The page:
“Nebraska” by Patrick Fitzgerald

For days, you have rehearsed, revised this careful wildness. ‘I can’t explain it any better than that- is what frightens me,’ you say, finally, your voice caught like a clutch of rushes in your throat.

She is a Canadian whose doctoral research concerned post-traumatic stress amongst survivors of the 7/7 bombings. After a moment in her habitual pose- head tilted back to the right, eyes lightly closed, as though in communion with the psychotherapeutic gods- she asks simply, ‘Do you really feel that?’

‘Yes.’ You may be a danger to yourself. The process, the experience, hasn’t stopped, you say; it’s not all done and you’re afraid of what the last of it might involve. Until now, to this woman, you have portrayed yourself as something of a battler. A government-in-exile, perhaps, but a government nonetheless.

You, you, you. Stiffly gauging the telemetry as it emerges. Like one of those NASA analysts in the movies, stubbing out cigarettes in polystyrene coffee cups.

And from there to here- the doctor’s surgery. Which isn’t a problem. He’s a born prescriber, this hereditary local doctor. You saw the same look on his face when Stephen’s mother was near the end, a justified, leaping Hippocratic abandon with the morphine. You are a teacher, well respected. A community spirit. Last week you were in the paper with the school debating team, the best in Wexford. Meaning he takes you seriously. He makes some comments about how well you seemed to have been doing and looks at you guardedly, as though deciding that this should have been the gravest of warning signs.

‘You know your VHI will pay for a stay in St John…’

‘Is that necessary? My sister is going to come and stay with me for a while.’

‘You really can’t be alone,’ he says, but perhaps this is just a verbal disclaimer. He is already reaching for his pad.

He tells you about a new anti-depressant he is going to try you on. One daily, before bed. All you hear is the damp clicking of ballpoint on paper.

‘It will help restore your sleep patterns, you body’s circadian rhythms. And,’ he adds, ‘it’s a marvellous yellow colour. Like a sunrise. Which I’m surprised someone hasn’t thought of before.’

You wonder if this is condescension, if he has you down as one of the cries for help, one of the what-do-you-call-them suicides. Which you must be. You have no intention of dying. You want to know, for instance, how Eimear Renne, your most promising History student, does in the Leaving this summer. And if Eimear Renne ought not feel so like an act of grace, then that, perhaps, is a good enough reason to be here.

Waiting to pay at reception, clutching the private prescription, examining its discreet Victorian plainness, you find yourself beside a man and his teenage son. You are drawn to this man’s nose, which is so large that it casts a shadow over his lip. His son resembles him- dark hair, full bottom lip- in every respect except his own nose, which is as sharp and flared as the nib of a fountain pen. You imagine this man’s genetic essence, his subconscious, whatever it was, seeking in every female face the proper corrective other.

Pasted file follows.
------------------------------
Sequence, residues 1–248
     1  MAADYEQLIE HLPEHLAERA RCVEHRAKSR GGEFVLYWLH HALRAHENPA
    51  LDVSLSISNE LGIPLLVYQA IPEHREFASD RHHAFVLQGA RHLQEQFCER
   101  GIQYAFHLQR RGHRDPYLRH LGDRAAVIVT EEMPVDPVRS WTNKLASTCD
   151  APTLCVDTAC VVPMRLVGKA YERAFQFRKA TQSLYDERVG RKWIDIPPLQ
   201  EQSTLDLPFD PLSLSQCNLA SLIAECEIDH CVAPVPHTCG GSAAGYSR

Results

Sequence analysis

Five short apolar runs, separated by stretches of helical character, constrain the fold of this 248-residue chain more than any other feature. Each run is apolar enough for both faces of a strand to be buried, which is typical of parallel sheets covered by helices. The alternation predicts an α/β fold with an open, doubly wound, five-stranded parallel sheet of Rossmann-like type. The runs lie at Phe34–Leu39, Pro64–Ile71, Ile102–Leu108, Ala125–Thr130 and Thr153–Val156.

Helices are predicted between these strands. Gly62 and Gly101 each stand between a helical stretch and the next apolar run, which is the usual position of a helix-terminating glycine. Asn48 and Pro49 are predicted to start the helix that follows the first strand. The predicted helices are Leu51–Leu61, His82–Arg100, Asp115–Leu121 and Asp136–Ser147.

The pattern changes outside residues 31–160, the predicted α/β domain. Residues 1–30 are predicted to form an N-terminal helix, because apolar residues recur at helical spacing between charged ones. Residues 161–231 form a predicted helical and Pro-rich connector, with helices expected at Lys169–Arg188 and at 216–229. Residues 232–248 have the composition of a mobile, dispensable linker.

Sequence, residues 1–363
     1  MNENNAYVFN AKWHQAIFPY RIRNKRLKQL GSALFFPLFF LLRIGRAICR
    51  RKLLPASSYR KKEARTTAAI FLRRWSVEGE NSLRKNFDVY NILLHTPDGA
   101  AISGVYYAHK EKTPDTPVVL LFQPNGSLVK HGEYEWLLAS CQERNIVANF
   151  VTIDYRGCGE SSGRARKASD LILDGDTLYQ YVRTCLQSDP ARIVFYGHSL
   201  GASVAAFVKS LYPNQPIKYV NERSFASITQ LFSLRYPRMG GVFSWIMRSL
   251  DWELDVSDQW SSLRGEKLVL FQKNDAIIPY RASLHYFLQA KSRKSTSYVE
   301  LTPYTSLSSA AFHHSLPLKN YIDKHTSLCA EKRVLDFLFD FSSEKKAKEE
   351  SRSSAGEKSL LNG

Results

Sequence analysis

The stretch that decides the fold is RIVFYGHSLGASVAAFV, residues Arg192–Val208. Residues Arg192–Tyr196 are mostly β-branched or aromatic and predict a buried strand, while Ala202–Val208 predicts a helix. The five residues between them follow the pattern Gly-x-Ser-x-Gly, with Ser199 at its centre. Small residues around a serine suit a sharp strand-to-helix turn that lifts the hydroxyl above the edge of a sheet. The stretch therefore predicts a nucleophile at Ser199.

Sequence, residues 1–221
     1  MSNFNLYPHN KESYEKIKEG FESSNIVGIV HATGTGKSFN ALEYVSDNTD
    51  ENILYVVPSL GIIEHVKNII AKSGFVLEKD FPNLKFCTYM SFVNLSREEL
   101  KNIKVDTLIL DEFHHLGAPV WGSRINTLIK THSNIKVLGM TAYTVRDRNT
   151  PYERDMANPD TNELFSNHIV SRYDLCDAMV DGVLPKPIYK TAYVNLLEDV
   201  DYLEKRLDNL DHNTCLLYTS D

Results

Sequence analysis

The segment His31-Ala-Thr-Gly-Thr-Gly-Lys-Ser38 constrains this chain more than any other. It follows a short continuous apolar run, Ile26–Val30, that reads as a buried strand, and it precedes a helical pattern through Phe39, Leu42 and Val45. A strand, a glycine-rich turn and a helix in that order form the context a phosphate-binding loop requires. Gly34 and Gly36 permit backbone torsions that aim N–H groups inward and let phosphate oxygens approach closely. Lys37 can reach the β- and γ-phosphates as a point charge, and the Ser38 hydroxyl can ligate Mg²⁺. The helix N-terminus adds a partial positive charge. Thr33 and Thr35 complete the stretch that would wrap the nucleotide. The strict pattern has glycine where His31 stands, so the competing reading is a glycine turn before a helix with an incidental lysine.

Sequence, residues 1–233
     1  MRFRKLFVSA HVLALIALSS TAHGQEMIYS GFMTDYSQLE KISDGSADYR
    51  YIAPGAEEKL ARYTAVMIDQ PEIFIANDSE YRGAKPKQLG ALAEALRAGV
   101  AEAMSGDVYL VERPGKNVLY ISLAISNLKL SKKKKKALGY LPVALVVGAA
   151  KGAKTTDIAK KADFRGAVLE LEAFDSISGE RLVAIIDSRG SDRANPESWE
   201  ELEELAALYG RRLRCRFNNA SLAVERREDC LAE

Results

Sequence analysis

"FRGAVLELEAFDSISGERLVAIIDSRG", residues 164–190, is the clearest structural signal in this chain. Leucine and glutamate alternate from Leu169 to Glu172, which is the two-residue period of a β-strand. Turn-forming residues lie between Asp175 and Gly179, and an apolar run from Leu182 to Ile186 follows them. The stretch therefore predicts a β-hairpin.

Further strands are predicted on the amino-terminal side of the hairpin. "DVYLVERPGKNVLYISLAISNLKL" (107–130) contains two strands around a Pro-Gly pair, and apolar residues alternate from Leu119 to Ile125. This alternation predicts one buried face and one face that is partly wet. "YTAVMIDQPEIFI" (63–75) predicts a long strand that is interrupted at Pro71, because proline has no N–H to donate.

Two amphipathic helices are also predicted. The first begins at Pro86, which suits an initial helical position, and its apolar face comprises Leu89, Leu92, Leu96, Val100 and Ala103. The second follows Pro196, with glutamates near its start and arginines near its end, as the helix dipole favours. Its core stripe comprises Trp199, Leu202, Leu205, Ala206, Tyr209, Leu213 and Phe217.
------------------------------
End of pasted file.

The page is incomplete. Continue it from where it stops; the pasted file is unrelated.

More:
You have no sister. Apart from a mother and a mother’s endless, ruinous understanding, nothing. You are a throwback to the last generation of teachers who moved, like Guards, away from home. Lately, you have begun to see students you taught five or six years ago take their places in the staff room. You are only thirty-six. You are already thirty-six. This lie about a sister might wind you up in the hospital, you suppose, were the doctor to find out. He does phone you, after lunch, but it’s a formality, a reminder to come back to the surgery for a blood test.

‘We’ll have to monitor liver function on a weekly basis for six weeks.’

‘How long…’

‘You should start to feel something after a fortnight.’

You are at the tennis club for your usual Thursday night game with Marie when Stephen calls. You let it ring out, hearing the high, thwarted note of a voicemail as you put your jacket into the locker. He is living with his brother, in the flat they built for their mother.

Marie talks about her son, Paul. An upcoming rugby game.

‘Just make sure the brains don’t get knocked out of him,’ you say. ‘I might need him for the regionals.’

‘What’s the topic?’

‘Oh,’ you say, ‘That our mania for high-definition will bring about the obliteration of the imagination. We’re speaking in favour of the proposal.’

‘When did debates get so modern?’ Maria asks, laughing. ‘It certainly makes a welcome change from the old debates about the two and a half party Civil War system.’

The floodlights are switched on; the air fizzes, cleanly. Marie plays tennis as though it’s an individual pursuit, like swimming or jogging, tipping virtuously around the court. Ireland will never produce a champion tennis player. At the end of the fifth game, after fishing the ball from beneath the net, she straightens and looks at you.

‘You’re so strong,’ she says, simply. ‘I don’t know how I’d be doing.’